Intelligence: The Gestapo Still Spreads Fear


April 29,2008: Three members of the German Federal Intelligence Service (the BND) were fired after it was discovered that they had planted a computer program on the PC of an Afghan government minister, and were monitoring his communications. The use of such techniques in espionage work is much talked about, but rarely seen exposed. The incident was revealed via a German parliamentary investigation of BND operations. Ever since World War II, Germany has kept close watch on its intelligence agencies. This is to prevent the reappearance of something like the dreaded World War II era Gestapo (Nazi secret police.) During the Cold War, this sometimes made it difficult for the intelligence services to fight foreign spies, or domestic terrorism. At times, the restrictions were loosened temporarily, in order to deal with an obvious and immediate danger (like the domestic leftist terrorists of the 1970s). But once that threat was taken care of, the restrictions were resumed. After the Cold War, it was discovered that the East German espionage efforts were very successful in West Germany. The East Germans developed a secret police service (the Stasi) the Gestapo would have been proud of, and Germans today are both ashamed of that, and believe it justifies keeping their intel people on a short leash.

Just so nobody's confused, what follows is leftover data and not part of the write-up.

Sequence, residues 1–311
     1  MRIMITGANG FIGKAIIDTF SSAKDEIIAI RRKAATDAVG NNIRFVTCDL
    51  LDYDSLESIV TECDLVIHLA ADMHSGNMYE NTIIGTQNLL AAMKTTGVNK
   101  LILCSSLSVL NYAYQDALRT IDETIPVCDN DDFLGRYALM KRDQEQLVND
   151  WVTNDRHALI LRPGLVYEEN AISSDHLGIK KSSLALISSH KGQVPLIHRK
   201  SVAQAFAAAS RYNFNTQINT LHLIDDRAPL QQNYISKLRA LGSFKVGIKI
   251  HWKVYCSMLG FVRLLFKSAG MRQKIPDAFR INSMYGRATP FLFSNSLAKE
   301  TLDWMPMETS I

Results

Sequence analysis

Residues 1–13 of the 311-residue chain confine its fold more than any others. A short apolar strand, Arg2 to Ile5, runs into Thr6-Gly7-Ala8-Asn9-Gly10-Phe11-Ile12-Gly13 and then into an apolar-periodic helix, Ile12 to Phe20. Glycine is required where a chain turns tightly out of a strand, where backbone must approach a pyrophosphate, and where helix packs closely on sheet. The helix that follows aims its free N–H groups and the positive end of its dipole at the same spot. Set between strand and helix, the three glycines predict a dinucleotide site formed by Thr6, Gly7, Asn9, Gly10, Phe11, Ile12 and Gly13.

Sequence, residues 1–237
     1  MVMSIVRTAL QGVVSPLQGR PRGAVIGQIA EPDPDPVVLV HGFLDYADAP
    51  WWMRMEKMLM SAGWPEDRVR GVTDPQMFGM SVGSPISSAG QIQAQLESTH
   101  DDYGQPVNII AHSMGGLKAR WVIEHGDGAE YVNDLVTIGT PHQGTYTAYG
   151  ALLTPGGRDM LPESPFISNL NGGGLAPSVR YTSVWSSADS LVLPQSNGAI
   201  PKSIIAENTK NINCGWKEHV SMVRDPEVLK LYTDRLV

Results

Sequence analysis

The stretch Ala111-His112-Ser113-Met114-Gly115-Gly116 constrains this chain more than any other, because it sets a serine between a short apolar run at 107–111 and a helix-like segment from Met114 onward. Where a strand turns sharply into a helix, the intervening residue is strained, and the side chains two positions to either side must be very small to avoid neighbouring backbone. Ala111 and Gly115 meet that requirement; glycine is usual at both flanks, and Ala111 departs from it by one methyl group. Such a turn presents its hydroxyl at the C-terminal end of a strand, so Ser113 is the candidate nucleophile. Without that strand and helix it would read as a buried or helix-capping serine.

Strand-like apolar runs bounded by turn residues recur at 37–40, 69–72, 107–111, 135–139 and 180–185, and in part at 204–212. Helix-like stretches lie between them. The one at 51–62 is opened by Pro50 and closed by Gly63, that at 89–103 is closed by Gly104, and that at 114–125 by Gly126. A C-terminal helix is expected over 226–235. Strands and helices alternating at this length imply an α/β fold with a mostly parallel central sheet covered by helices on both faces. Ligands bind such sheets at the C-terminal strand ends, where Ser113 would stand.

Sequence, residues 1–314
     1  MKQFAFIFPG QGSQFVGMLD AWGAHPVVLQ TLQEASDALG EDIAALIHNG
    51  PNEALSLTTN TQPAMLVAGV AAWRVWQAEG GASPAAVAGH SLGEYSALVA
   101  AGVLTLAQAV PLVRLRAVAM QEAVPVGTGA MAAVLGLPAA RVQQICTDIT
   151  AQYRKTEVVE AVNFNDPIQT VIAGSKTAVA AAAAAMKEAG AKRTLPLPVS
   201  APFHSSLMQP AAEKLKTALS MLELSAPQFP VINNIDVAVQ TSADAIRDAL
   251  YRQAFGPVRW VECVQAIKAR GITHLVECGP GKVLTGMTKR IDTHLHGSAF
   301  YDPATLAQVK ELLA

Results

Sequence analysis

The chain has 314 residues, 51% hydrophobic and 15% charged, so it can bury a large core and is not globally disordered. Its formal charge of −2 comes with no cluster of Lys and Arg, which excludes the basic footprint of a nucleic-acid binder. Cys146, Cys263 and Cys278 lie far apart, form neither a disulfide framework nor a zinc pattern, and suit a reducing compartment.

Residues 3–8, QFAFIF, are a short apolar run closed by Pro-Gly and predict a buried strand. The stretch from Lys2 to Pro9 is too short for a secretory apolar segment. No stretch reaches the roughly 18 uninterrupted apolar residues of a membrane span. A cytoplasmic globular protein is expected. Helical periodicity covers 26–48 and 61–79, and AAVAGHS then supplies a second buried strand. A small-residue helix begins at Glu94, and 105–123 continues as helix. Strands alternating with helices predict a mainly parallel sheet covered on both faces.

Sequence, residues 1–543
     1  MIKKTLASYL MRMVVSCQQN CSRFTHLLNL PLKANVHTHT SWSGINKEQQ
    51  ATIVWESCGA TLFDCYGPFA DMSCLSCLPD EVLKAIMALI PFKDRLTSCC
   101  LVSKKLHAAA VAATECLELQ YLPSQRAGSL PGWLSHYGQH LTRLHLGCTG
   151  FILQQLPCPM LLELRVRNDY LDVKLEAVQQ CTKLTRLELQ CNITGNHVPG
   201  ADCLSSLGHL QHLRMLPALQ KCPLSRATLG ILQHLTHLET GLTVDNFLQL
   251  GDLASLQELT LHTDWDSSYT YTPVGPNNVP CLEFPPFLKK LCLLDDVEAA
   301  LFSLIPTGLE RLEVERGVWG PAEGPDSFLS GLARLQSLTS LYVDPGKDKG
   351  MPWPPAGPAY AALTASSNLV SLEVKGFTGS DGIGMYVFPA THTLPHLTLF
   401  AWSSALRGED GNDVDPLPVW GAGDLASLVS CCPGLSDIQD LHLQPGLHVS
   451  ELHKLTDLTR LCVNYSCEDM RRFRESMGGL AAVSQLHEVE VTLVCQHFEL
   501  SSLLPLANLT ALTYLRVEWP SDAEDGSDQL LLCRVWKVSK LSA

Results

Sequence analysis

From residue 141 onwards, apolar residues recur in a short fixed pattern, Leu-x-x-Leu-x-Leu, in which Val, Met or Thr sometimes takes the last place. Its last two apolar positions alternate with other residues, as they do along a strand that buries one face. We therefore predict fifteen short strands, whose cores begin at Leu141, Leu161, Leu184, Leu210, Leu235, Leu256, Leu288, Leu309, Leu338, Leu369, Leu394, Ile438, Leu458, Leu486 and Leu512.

The BND has been given some slack to deal with Islamic terrorism, but parliament, and the media, continue to watch over the secret police, just in case. The current scandal goes back to the fact that six of the twenty Afghan cabinet minister speak German, and spent part of their exile (during the Soviet invasion) in Germany. Some of these ministers went to German universities and all have contacts in Germany. Why this would warrant this degree of surveillance was not revealed.




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